Reaction from the baseball world was as swift as it was polarized after U.S. District Court Judge Henry F. Werker yesterday denied National Labor Relations Board's request for an injunction that would have prohibited the owners from implementing free-agent compensation until next spring.
"This takes the pressure off," said Don Fehr, general counsel for the Major League Baseball Players Association. "We're no longer involved with the uncertainties of litigation. . . . we'll know (today) if there will be an agreement. . . It brings things to a head and we've been ready for that for some time."
Today, representatives of owners and players are ready to resume negotiations in New York. "That's when things pick up," said Ray Grebey, chief negotiator for the owners. "Major league baseball will continue its efforts to reach a settlement at the bargaining table regardless of any strike action or any other effort by the players association to create diversions.
"It's kind of like the last of the ninth in the seventh game. It's time to throw your best pitch if you're going to do something."
Many players are not expecting progress.
"Why should they negotiate now?" said Doug DeCinces of the Baltimore Orioles, the American League player representative. "They haven't negotiated for 16 months."
"As the Beatles say, there'll be a revolution." George Foster, player representative for the Cincinnati Reds, told the Associated Press. "All the players, period, are behind the strike."
"It is the sentiment that we have to strike," Phil Garner, Pittsburgh Pirate player representative, told AP. "We've been beating our heads against the wall as much as we can, but now we have to come out fighting."
The issue dividing the owners and players is free-agent compensation. Currently, when a team loses a player to free agency, the team is compensated with a selection in the amateur draft. Under the owners' proposal, in many cases the compensation would be the 16th player on a 25-man major league roster. The players have said that such a plan is unacceptable and represents an effort by the owners to severely restrict player freedom and mobility.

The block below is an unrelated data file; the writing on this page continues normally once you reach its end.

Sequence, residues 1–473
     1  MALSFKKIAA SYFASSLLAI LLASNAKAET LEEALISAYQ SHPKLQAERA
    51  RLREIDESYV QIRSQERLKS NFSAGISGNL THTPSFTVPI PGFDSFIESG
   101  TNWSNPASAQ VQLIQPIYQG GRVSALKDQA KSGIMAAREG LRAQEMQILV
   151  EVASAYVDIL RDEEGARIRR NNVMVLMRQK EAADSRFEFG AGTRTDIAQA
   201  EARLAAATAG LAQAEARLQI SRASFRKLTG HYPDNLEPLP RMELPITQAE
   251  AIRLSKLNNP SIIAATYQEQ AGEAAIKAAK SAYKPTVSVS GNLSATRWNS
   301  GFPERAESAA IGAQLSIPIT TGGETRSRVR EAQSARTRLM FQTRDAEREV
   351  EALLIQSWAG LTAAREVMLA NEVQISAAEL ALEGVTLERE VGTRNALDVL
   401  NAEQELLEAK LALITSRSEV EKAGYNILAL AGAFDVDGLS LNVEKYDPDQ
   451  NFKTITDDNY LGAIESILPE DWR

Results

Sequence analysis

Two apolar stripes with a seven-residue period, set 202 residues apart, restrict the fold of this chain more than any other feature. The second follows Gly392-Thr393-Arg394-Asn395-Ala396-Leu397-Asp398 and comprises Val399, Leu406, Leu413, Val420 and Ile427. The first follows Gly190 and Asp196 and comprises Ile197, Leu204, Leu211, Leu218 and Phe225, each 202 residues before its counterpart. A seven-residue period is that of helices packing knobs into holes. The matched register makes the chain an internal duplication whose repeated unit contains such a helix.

Last week, the players proposed a compensation plan that the owners rejected. That plan would have created a pool of players from which teams losing a player to free agency could choose. Among the owners' objections was that the pool concept allowed for teams acquiring a free agent to avoid paying any compensation themselves.
Jerry Reuss, player representative for the Los Angeles Dodgers, suggested last night that the rejected plan could still be modified, perhaps to avert a strike. "Players don't have control of their contracts to a great degree now, anyway," Reuss told AP. "All of this is a proposal. Obviously there are a lot of things wrong with it, but it's an idea."
While none of the players contacted was pleased with the judge's denial of the NLRB's request for an injunction -- which would have put off the compensation issue until next spring -- and the immediate prospect of a strike, some saw advantages to the ruling.
"In a way it's too bad, but in another way it isn't," said Bob Boone of the Philadephia Phillies, the National League player representative. "This thing is going to have to be negotiated out regardless, so we might as well go head-to-head and try to get it over with now. We all want this thing resolved, not just postponed."
Many players are pessimistic of a settlement. "The only way a strike can be avoided is to come to a settlement," said Mark Belanger, the Orioles' player representative. "Based on what's happened in the past, I don't see much hope."
Fehr was even more direct.
"Mr. Grebey and Mr. (Baseball Commissioner Bowie) Kuhn are about to have the strike they so ardently desired," he said.